As you think of new ways to use honey, keep in mind that children under twelve months of age should not eat honey. There is a slight chance that honey may contain harmful bacteria, and the immune system of little ones is not up to the challenge of fighting off an infection.
- Treat seasonal allergies. The findings from scientific studies are inconclusive so far, but old wisdom says that a spoonful of local honey a day can alleviate your pollen allergies. When bees are taking up nectar for making honey, they also inadvertently pick up pollen. Some of it gets transferred to other flowers at stops along the way, but some makes it back to the hive. If that pollen gets into the honey and is the same pollen that is around you every day, the honey can act like a vaccine. If you eat the small quantity of pollen that is in the honey every day, you introduce your allergen to your body slowly and you grow accustomed to it. This is the same concept behind a medical treatment for allergies called immunotherapy. For it to work, you need to get honey that is made as close to you as possible so that it contains the troubling pollen.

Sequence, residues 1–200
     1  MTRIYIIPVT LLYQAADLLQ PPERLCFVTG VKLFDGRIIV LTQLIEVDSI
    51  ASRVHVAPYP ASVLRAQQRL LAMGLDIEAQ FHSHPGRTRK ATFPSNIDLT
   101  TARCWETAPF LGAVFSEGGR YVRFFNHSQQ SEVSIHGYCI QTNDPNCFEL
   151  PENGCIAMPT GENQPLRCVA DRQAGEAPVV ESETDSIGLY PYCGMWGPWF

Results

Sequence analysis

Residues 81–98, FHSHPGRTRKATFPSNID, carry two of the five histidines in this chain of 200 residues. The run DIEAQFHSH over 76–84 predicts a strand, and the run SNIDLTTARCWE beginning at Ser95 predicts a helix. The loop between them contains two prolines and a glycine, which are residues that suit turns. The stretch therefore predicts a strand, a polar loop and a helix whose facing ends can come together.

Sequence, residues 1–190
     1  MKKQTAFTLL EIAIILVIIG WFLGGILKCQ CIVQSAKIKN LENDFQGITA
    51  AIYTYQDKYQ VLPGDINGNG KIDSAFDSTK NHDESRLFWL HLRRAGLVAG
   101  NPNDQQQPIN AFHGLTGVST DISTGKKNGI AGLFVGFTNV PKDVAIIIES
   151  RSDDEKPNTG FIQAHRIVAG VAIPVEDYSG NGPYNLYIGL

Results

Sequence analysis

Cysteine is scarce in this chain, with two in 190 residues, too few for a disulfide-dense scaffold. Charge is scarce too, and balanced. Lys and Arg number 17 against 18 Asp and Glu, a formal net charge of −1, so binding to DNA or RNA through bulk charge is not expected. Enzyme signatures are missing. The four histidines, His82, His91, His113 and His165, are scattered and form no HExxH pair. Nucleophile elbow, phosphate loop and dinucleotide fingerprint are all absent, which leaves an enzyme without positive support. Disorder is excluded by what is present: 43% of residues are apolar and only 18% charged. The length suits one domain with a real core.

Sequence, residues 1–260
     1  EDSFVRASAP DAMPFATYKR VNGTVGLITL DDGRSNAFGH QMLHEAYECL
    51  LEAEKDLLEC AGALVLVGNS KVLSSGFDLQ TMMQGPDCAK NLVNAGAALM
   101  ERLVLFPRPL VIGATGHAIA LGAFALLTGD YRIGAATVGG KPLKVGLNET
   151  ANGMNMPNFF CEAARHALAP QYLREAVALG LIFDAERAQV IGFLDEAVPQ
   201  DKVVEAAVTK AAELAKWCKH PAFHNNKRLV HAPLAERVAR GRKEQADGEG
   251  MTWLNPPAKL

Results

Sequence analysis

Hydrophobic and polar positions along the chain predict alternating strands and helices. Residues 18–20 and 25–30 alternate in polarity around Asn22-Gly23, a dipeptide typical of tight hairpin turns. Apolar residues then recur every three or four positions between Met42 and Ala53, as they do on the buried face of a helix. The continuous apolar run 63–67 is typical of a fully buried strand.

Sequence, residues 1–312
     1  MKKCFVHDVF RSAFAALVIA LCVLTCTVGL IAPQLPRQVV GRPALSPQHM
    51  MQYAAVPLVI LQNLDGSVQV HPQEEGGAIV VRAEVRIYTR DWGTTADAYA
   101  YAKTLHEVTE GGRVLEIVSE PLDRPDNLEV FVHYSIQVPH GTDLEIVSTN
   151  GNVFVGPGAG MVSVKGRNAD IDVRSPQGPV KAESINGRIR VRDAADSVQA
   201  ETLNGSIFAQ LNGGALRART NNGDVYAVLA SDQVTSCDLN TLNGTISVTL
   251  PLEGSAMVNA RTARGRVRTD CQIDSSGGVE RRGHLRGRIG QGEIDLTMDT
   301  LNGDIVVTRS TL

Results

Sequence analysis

- Sugar substitute. Instead of processed and refined white sugar from the supermarket, use honey to sweeten your foods. It is much better for you and lends a unique and delicious flavor to whatever you eat. Use honey to sweeten your tea, cereal, and fruit instead of sugar. When replacing sugar with honey in recipes, use these general guidelines:
- Use ¾ of a cup of honey for every cup of sugar called for in a recipe
- Reduce the total of all other liquids in the recipe by ¼ cup if you are using at least a cup of honey
- When baking, reduce the oven temperature by 25 degrees and keep an eye on it. Recipes with honey will brown more quickly.
- If baking soda is not in the recipe already, include ¼ of a teaspoon per cup of honey.
- Dietary supplement. Unlike refined sugar, honey contains several nutrients in addition to the sugars that make it taste sweet. Exactly what your honey contains depends on where it was made, but it should have vitamin C, iron, calcium, and fiber. When you use honey in place of sugar, you increase your intake of important nutrients.
- Soothe your sore throat. Honey has long been used for soothing the throat. Drink hot herbal tea with a tablespoon of honey as often as you like to make your throat feel better. Of course, do see a doctor if your symptoms persist. Honey only soothes; it does not cure.